The Stone tape theory
One of the first things that we learn about as paranormal investigators is the different types of hauntings. While new categories seem to be added to this all the time, for me there are really only 2 I am interested in. Intelligent and Residual. If you want more information on the different types of hauntings, you can read all about it here. We know that residual hauntings don't even seem to be aware that we are there. Sometimes we wonder if it is like the movie 'The Others' where the ghosts are living their life as they know it and think that we are the ones who are the ghosts. They are stuck in their time and going about their own business. I love this theory and will elaborate more in another post. A different theory however is that a residual haunting is caused by what we call 'The Stone tape Theory'.
Where does the Stone tape theory come from?
It is a concept that has been around for centuries in different cultures, however it got it's name specifically from a 1972 movie 'The Stone Tape'. The synopsis of the movie is a team from a electronics company all move into a house. During renovations a stone stairway is revealed where strange things seem to be happening. One notable point from the movie is that one resident seems to see the apparition of a girl who keep falling to her death. They try to use all of their technical equipment to record the apparitions etc that only one of the residents is seeing, but as is true to all investigators, nothing is ever caught on tape. The movie itself was working with the notion that stone materials can store sounds and images from the past and then someone who is sensitive to the paranormal in some sort of way can receive the 'playback' when the conditions are right.
What is the history behind this theory?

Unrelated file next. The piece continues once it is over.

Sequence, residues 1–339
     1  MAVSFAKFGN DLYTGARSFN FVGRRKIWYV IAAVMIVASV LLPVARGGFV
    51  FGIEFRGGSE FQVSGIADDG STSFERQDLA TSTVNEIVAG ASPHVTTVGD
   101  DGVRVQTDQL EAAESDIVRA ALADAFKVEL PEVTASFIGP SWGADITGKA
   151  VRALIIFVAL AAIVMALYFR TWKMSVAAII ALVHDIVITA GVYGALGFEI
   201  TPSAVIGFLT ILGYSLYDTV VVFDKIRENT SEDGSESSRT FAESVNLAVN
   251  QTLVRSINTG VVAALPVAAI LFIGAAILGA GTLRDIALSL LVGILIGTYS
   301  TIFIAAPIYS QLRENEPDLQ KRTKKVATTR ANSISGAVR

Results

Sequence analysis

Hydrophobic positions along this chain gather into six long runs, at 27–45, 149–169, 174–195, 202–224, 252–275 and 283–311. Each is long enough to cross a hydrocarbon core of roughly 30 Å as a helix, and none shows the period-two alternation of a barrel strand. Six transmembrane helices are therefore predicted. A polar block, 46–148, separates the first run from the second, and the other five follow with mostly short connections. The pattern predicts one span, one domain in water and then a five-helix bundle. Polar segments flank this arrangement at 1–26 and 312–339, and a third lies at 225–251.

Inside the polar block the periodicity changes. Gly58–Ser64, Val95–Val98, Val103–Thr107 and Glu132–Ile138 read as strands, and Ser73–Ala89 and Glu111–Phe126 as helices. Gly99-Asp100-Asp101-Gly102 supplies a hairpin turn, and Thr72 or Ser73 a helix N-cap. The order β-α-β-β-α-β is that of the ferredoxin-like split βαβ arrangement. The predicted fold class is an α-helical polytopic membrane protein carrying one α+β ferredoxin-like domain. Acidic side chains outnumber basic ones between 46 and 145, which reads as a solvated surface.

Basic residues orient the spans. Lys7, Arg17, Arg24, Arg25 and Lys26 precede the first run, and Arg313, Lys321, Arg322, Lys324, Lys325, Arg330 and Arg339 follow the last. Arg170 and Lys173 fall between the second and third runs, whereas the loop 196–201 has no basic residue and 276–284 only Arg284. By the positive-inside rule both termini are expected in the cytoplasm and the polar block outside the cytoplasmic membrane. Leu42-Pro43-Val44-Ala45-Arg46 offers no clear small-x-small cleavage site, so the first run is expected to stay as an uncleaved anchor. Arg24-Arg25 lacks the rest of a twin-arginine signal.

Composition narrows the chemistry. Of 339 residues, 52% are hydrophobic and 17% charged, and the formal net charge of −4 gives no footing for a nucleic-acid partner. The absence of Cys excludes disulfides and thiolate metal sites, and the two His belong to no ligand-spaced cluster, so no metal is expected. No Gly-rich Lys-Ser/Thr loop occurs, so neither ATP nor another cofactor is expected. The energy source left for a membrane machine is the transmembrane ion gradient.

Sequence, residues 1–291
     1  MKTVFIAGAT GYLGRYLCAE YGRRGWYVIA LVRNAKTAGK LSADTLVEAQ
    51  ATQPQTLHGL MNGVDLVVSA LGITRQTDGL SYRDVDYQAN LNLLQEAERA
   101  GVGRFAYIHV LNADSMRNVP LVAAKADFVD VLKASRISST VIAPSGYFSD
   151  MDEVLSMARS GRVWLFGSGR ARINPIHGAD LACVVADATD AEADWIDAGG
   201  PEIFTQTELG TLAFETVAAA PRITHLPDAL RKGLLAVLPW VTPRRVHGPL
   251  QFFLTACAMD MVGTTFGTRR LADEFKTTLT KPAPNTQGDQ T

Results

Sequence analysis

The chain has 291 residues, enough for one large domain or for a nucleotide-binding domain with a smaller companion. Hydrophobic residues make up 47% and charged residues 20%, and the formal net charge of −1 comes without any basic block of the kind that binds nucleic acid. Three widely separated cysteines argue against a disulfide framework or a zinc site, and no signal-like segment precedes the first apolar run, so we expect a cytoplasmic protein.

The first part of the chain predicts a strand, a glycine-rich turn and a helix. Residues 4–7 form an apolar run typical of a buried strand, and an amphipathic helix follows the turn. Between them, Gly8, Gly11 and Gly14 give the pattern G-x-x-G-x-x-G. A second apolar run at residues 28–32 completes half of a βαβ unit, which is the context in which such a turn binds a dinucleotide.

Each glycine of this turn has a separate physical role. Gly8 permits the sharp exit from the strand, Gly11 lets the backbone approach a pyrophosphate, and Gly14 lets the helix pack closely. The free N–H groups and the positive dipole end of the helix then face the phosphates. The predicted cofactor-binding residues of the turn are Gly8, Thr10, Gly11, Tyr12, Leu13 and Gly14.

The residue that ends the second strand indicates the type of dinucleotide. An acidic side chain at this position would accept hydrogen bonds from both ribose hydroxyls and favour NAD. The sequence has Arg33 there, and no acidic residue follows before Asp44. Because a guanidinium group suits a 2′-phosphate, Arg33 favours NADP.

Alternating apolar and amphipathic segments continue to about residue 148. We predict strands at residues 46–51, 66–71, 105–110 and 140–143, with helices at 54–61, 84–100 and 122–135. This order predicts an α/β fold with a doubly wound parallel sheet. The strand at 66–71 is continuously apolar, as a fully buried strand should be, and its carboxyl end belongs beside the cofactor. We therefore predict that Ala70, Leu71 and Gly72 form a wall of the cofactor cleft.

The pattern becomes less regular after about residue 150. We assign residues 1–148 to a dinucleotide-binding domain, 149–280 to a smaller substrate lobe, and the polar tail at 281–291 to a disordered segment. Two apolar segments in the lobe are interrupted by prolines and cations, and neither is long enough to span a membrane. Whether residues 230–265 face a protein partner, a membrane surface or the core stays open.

It is hard to pinpoint exactly who came up with this theory as it is something that is not exactly exclusive to one person. Over time different concepts of the theory have surfaced. The idea itself was put forward publicly in the form we know it by Thomas Charles Lethbridge. He was an archaeologist who became a self proclaimed parapsychologist and in 1961 he released a book 'Ghost and Ghoul'. The term 'Stone Tape' had not been created yet, however his theory was that ghosts themselves are not a supernatural phenomena. His theory was that traumatic events such as a murder or suicide could be absorbed by it's surroundings most specifically a kind of moist rock or stone. After having an experience where he saw an apparition near a stream a water, he also believed that the water, forests, earth and mountains could record imprints as they were charged by the ions in the air which allowed them to record these memories. Certain environmental conditions could release these 'memories' or someone with the right level of paranormal sensitivity could see this 'playback'. It was thought that the stone acted like a tape and could record and playback sound and images in the same way the magnetic tape does. The stone just doesn't have a 'play button'. It is widely thought that the movie 'The Stone Tape' was directly influenced by Lethbridge's theory.
Throughout time dating back even further, there have been other claims of similar theories all with the notion that somehow some sort of inanimate object was absorbing memories, words or energy.
Is there any truth to this theory
Scientifically, no one has been able to prove that stone or rock can absorb these images or recordings. As paranormal investigators, we are often thinking of new ways to try and work with these theories. With stone tape, it seems the popular thing to do is to experiment with sound. By making loud noises, can the vibrations of the noise we make release this residual energy from the walls to force this playback to start? I have tried this on many occasions with an EVP recorder to see if I can capture an EVP after a large amount of noise has been made. For myself, this has been unsuccessful, however there are others who say this works really well for them. Other investigators also believe that water can be a significant factor as well, and by having a stream of water nearby, like in Lethbridge's theory, it can help to power the atmosphere so that the surroundings can store and playback this information. We talk about the environment and conditions a lot when investigating with claims that 'lighting and thunder charge the atmosphere making it more likely for activity or that activity is at it's peak 3 days after a full moon'. These assumptions are likely to be based partly on this theory as well.
I personally have not done a large amount of work with this theory other than EVP work. I am going to change that in the next few months and will try and look at techniques and avenues to use to incorporate this theory during investigations. So I need your help. Have you used this theory? What has worked for you? Tell me in the comments below.
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